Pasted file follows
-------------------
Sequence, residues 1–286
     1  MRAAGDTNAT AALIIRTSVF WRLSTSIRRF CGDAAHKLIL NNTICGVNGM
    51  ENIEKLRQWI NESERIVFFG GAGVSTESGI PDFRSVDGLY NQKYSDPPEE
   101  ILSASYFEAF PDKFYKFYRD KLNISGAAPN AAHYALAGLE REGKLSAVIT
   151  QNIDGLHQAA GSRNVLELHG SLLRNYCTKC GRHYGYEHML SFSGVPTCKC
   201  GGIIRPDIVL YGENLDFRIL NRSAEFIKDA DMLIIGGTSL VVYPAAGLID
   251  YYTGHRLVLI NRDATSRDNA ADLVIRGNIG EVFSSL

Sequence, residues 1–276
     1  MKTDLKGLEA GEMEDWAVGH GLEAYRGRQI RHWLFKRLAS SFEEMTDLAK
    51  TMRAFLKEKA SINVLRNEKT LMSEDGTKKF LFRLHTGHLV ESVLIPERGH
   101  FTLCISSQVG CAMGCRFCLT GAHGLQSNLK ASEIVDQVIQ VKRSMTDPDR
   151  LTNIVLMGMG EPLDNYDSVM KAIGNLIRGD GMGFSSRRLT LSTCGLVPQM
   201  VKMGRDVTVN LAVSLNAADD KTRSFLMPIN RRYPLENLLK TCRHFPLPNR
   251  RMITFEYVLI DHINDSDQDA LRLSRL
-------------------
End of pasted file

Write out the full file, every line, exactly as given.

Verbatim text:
Sequence, residues 1–286
     1  MRAAGDTNAT AALIIRTSVF WRLSTSIRRF CGDAAHKLIL NNTICGVNGM
    51  ENIEKLRQWI NESERIVFFG GAGVSTESGI PDFRSVDGLY NQKYSDPPEE
   101  ILSASYFEAF PDKFYKFYRD KLNISGAAPN AAHYALAGLE REGKLSAVIT
   151  QNIDGLHQAA GSRNVLELHG SLLRNYCTKC GRHYGYEHML SFSGVPTCKC
   201  GGIIRPDIVL YGENLDFRIL NRSAEFIKDA DMLIIGGTSL VVYPAAGLID
   251  YYTGHRLVLI NRDATSRDNA ADLVIRGNIG EVFSSL

Sequence, residues 1–276
     1  MKTDLKGLEA GEMEDWAVGH GLEAYRGRQI RHWLFKRLAS SFEEMTDLAK
    51  TMRAFLKEKA SINVLRNEKT LMSEDGTKKF LFRLHTGHLV ESVLIPERGH
   101  FTLCISSQVG CAMGCRFCLT GAHGLQSNLK ASEIVDQVIQ VKRSMTDPDR
   151  LTNIVLMGMG EPLDNYDSVM KAIGNLIRGD GMGFSSRRLT LSTCGLVPQM
   201  VKMGRDVTVN LAVSLNAADD KTRSFLMPIN RRYPLENLLK TCRHFPLPNR
   251  RMITFEYVLI DHINDSDQDA LRLSRL